It was compelling logic, as valid now, several decades after the demise of the Ondo High Chief, as it was, then.
Despite a certain amount of practical familiarity with the subject, the experience of a project carried out over the past few weeks, trying to look beyond the façade at the inner workings of the ‘business’ of Healthcare in Lagos, was a strangely exciting one for this writer. The definition of ‘business’ in that context, of course, did not only encompass the highs and lows of private medical practice, but was sufficiently elastic to accommodate even the publicly owned facilities. All healthcare, apart from such as is administered purely as philanthropy by such bodies as Red Cross and Médecins San Frontiers, is ‘business’ of a sort. Somebody, somewhere, pays for every service received. If it is not the citizen himself, paying out of pocket, it is someone or something else – whether it is health insurance, or some generous sponsor. Even ‘Free Health’ – of the sort attempted over the years in some parts of the South-West of Nigeria, with variable success, was not ‘free’. The government was paying.
Sitting in a brainstorming session with health leaders from different parts of the world once at Insead, the famous Business School in Fontainebleau, France, you found the topic of ‘The Business of Medicine’ generating excited discussion. The general conclusion was that whether you were running Health under Socialism or Capitalism, whether you were running a ‘Lean’ system or ‘6-sigma’, you had to pursue not just efficiency but sustainability for the citizens to benefit maximally.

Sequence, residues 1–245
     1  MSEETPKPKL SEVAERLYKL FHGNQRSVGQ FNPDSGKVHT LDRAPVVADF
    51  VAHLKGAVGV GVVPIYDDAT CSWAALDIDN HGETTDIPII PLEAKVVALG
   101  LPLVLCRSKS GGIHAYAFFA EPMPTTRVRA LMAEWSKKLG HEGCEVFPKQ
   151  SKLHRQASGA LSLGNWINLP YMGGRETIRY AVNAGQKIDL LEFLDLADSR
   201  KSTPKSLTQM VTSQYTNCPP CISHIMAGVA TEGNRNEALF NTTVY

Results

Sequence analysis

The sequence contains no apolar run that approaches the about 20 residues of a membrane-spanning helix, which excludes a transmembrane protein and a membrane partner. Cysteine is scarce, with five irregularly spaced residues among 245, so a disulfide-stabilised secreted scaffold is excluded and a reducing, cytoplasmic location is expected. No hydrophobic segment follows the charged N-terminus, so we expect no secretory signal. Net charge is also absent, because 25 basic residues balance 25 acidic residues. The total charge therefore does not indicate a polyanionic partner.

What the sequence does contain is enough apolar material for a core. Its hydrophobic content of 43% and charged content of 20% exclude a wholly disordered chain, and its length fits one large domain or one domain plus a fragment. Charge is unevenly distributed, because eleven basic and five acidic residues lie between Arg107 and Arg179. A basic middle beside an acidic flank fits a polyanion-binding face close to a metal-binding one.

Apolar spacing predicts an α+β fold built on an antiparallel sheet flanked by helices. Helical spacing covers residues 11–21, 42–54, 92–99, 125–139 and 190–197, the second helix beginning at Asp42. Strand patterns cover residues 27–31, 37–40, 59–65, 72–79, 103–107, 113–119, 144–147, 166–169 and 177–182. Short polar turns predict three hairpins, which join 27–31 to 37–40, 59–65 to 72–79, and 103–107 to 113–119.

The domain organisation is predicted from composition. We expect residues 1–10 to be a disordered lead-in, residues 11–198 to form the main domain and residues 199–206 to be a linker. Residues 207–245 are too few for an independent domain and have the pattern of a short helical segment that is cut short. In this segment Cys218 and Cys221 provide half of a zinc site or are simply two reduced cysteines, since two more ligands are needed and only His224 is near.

Healthcare, both from the supply side – the providers, and the demand side – the users, has always been an emotional subject with the Nigerian public, and a subject for chicanery from the political class, including those in military uniform. Every coup-day broadcast in the sad history of Nigeria included an accusation of deplorable healthcare levelled against the previous regime. Governments ignorantly designate ‘centres of excellence’ based on expensive equipment they have procured. One President announced he would get the private sector to build ‘one world class hospital in each of the six geopolitical zones’ of the country. How exactly he was going to get them to part with their money if the venture was not economically sustainable, which it was clearly not, he did not say.